Science: Life on a Far-Off Moon?

Scientists have abandoned hope of finding life—or any indications that it once existed—on the earth's own desolate moon. But what are the chances of uncovering any signs of life on more distant moons? Focusing their telescopes on satellites of Saturn and Jupiter, astronomers have now discovered evidence that in at least one case suggests that primitive life may indeed exist elsewhere in the solar system.

That possibility was suggested in a recent study of Titan, the largest of Saturn's ten moons, by a team of Cornell University scientists under Astronomer-Exobiologist Carl Sagan. From infra-red and other telescopic measurements of the satellite, a...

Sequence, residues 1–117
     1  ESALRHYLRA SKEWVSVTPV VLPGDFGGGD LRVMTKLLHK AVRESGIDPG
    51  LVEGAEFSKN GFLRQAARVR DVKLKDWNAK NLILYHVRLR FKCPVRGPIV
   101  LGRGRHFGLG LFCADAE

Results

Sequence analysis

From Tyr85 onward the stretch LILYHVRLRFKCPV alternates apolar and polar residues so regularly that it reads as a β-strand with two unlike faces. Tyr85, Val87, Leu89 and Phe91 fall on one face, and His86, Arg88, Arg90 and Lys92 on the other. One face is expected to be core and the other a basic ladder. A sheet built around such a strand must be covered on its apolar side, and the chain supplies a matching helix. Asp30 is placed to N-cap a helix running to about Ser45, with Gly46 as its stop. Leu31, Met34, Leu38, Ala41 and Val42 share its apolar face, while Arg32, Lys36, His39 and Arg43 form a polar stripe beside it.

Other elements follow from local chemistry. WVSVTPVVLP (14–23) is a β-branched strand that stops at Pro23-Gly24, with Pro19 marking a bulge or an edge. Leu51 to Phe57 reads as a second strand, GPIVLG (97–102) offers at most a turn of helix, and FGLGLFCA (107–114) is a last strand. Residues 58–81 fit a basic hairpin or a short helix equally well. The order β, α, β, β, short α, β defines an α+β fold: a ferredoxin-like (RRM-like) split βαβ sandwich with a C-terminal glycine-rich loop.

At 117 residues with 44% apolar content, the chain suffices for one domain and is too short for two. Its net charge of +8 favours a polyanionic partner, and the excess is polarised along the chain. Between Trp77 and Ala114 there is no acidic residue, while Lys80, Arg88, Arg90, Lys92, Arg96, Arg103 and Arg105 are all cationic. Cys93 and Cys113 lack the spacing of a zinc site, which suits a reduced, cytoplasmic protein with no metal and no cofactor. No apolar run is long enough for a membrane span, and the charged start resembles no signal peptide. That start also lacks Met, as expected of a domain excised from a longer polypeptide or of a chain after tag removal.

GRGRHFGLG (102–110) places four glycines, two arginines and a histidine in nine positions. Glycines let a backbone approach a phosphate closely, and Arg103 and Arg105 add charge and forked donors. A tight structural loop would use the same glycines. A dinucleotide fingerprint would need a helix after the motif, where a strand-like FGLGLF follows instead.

Want the full story?

Subscribe Now

Subscribe
Subscribe

Get TIME the way you want it

  • One Week Digital Pass — $4.99
  • Monthly Pay-As-You-Go DIGITAL ACCESS$2.99
  • One Year ALL ACCESSJust $30!   Best Deal!
    Print Magazine + Digital Edition + Subscriber-only Content on TIME.com

Learn more about the benefits of being a TIME subscriber

If you are already a subscriber sign up — registration is free!